Profits from cacao farming have been so generous that farmers invaded national parks in order to carve out plantations, cutting down forests and turning animal habitats into inhospitable treeless zones. Today a trail of destruction can be seen in the Ivory Coast as 13 out of 23 national parks and forest reserves have lost all of their primate species, reports the Smithsonian Institute after reviewing a recent study.
The land should have been protected but recent turmoil in the region following the disputed election of Alassane Ouattara left the region vulnerable, they said.
Starting in 2010, a team from Ohio State University and their colleagues in Ivory Coast spent over 200 days walking through five national parks and 18 forest reserves. They found settlements of as many as 30,000 people and many illegal cacao farms. In seven of the protected areas, all of the land had been converted to agriculture and 80 to 100 percent of that was for growing cacao.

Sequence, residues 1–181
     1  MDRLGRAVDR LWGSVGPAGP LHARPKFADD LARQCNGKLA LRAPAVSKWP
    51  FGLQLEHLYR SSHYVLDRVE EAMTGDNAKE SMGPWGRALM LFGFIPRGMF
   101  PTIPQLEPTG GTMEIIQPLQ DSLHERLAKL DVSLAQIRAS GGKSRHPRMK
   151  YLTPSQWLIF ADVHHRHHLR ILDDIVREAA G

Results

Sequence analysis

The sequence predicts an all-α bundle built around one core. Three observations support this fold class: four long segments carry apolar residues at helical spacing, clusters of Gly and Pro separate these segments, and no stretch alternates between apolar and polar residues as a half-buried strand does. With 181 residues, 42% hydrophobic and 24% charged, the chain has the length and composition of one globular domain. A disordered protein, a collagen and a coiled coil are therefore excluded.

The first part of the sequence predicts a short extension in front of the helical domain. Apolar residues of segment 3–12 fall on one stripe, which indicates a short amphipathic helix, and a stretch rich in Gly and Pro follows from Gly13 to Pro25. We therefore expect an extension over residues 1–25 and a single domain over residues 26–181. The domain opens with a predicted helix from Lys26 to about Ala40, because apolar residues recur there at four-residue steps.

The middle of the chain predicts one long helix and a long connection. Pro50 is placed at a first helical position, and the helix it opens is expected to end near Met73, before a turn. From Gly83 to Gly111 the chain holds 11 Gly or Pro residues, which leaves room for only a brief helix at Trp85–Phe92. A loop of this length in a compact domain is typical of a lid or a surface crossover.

The land conversion had consequences for primates—five protected areas had lost half their primate species and 13 had lost all of them. The team never found any king colubus, a monkey species they had expected to see. Also missing were any signs of the Miss Waldron’s red colubus, a species that once lived in the region and is now probably extinct in the wild, the scientists concluded.
“Little primary forest exists in south-central Côte d’Ivoire, even within protected areas, and what remains is at risk of being replaced by agricultural plots,” the researchers noted in the March edition of Tropical Conservation Science.
The Ivory Coast is the largest producer of cacao or cocoa beans, providing more than one-third of the world’s supply. Cacao is the main ingredient in chocolate.
Longtime chocoholics in Europe (which consumes half of the world’s chocolate each year) and the United States (which accounts for about one-fifth), are demanding higher quality darker chocolate, which takes more cocoa.
Now China and other Asian countries want their piece of the chocolate bar. “The world’s demand for chocolate has been very hard on the endangered primates of Ivory Coast,” said McGraw, co-author of the study and professor of anthropology at Ohio State.
“There are parks in Ivory Coast with no forests and no primates, but a sea of cocoa plants.”
The study by the U.S. scientists appears in the March 2015 issue of the journal Tropical Conservation Science. w/pix of endangered black-and-white colubus monkey in Ivory Coast